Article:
Come with Me to Mount Athos. Part 9

Part 8

Sea, Urchins and Retsina

We went  to the shore. What looked like sand to us turned out to be fine gravel, but the water was a real miracle!

— Beware the sea urchins! – I warned my friends after I dove in and out. Stepping on a sea urchin just before Mount Athos meant ruining our journey. They (the urchins) stick to the underwater rocks and resemble round balls bristling with sharp needles aimed right at the bathing pilgrim’s foot. The fish was right on cue. How beautiful! The clarity of the water was amazing. There were no antique amphorae, but everything else looked better than in the BBC films about the underwater world, probably because I was watching it with my own eyes, and not through the TV screen. Fifty meters from the shore there was a ridge of underwater boulders. If not for the urchins, we would stand on them and wave our hands with joy. We were like children. Igor was a great swimmer, and we soon lost sight of him. After swimming to our heart’s content, we stretched on sun loungers under reed umbrellas in the rays of the setting Greek sun. That was not for long. A Greek man from the nearby tavern came running to us and explained that the sun loungers were for his customers only. Oh well, it felt just as good to lie in the sand.

 Finally, Igor returned, just a little short of reaching the Bosphorus, and we went to taste the local cuisine.

 My writer friend had advised me to choose from a variety of cafes the one where we would be invited in Russian. We were stopped by a waiter near a cozy restaurant at the base of the old tower (the starting point of our ferry to Athos tomorrow). He cordially threw his arms to the sides (making it more difficult for us to get around him) and invited us in broken Russian to come in and taste some Greek delights. Showing that we were also very linguistically advanced, we blurted out our entire culinary vocabulary without even opening the menu:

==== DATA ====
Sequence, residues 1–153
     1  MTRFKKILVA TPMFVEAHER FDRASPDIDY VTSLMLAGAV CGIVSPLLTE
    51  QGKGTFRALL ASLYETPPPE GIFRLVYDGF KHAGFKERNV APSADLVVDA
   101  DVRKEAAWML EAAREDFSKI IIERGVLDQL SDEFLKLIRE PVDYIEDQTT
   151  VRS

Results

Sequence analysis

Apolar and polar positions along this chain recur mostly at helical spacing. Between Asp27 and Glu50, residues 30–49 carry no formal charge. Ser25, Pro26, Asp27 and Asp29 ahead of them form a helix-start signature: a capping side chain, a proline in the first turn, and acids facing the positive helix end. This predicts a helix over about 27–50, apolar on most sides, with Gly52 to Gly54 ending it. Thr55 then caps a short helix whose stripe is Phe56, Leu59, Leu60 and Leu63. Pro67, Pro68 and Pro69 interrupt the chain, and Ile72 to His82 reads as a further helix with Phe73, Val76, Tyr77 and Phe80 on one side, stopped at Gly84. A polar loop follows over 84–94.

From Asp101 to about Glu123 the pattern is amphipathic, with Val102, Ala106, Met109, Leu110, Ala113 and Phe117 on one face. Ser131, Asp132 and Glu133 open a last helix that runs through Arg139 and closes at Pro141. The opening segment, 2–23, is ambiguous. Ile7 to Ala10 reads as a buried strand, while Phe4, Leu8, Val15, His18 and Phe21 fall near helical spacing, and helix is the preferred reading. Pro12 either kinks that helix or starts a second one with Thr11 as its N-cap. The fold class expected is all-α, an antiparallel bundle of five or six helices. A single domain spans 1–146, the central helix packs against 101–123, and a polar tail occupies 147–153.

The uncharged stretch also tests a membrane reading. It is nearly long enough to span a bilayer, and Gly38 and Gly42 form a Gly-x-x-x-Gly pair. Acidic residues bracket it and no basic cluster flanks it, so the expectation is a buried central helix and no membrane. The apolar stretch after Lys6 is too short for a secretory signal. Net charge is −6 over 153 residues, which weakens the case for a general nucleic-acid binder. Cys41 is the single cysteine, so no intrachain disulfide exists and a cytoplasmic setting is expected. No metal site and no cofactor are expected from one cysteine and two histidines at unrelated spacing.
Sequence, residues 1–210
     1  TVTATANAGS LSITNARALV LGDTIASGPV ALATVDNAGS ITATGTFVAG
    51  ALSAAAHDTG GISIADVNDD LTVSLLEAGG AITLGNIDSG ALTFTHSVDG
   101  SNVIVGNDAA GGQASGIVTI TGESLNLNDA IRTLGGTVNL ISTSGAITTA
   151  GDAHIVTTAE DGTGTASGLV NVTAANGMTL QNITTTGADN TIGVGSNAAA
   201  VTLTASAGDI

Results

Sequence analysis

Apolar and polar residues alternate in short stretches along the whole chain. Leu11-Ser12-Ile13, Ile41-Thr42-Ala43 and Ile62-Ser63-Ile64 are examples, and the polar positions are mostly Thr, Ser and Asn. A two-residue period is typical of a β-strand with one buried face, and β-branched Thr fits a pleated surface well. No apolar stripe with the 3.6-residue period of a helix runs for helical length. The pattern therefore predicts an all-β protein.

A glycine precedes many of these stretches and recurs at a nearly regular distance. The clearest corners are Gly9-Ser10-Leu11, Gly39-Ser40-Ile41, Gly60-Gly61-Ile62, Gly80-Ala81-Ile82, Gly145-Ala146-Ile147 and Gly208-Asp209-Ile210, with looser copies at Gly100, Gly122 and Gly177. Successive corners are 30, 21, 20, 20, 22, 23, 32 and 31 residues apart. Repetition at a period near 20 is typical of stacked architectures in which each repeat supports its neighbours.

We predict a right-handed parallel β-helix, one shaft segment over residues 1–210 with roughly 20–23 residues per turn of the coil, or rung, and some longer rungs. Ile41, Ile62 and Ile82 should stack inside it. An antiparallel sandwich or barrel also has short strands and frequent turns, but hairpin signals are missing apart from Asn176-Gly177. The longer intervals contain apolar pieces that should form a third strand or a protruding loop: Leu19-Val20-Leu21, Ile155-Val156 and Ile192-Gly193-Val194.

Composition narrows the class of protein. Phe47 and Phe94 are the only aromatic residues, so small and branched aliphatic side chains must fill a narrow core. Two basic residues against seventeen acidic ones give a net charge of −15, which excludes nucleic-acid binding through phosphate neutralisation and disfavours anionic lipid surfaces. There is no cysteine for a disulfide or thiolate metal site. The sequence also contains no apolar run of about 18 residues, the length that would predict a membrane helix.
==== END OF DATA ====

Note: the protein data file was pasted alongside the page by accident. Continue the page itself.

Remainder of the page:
– Would you bring us some tzatziki, horiatiki, htapodi and, of course, some Retsina! – The water’s smile grew even wider, and he rushed to cater to his beloved guests.

 I will now explain what is behind these beautiful terms. Firstly, these are the attractions of Greek cuisine, and secondly, if you are in Greece, be sure to try it! Tzatziki is soft cottage cheese or unsweetened thick yogurt with herbs and garlic. You can eat it straight from the plate with a fork, or you can (as we did) spread a thick layer of it on a slice of toasted bread. Horiatiki is what we call Greek salad, only with the right tomatoes, cucumbers and, most importantly, the right olives. Greek olives are not at all similar to Spanish olives; they are not pickled, but salted with spices. Seeing a mountain of lettuce in front of us, we strongly doubted that we were able to eat it all. Htapodi are grilled octopuses. A description of their deliciousness would take several pages, so let’s omit it. Retsina is a kind of dry table wine infused with pine resin. Long story short, if you are there – try it, you will discover Greece from this ‘non-spiritual’ side.

 The pleasant breeze from the sea, the melodic sound of waves, the good people nearby, the delicious food and the expectation of tomorrow’s Athos… We were probably happy at that moment. Note that “Athos” goes after the “meal” in my list – one more evidence of my so-called spirituality. The inner voice was insisting on more retsina, but another voice spoke quietly from the depths of my soul, “That’s enough. You are going to Athos tomorrow”.

 Having finished our meal, we walked unsteadily on our shopping tour where we bought a map of Athos and some very special walking sticks. It was time to go back to the hotel and get some sleep.

 We read the evening prayers all together and then stayed up for a long time writing messages home. The distance makes you understand how much you cherish your near and dear: my lovely wife, children, and now also my grandson. In the picture on my phone, he looked like a big smiling … watermelon.

Translated by The Catalogue of Good Deeds

Part 1
Part 2
Part 3
Part 4
Part 5
Part 6
Part 7
Part 8
Part 9

About the author

The Editor of the Catalog of Good Deeds.

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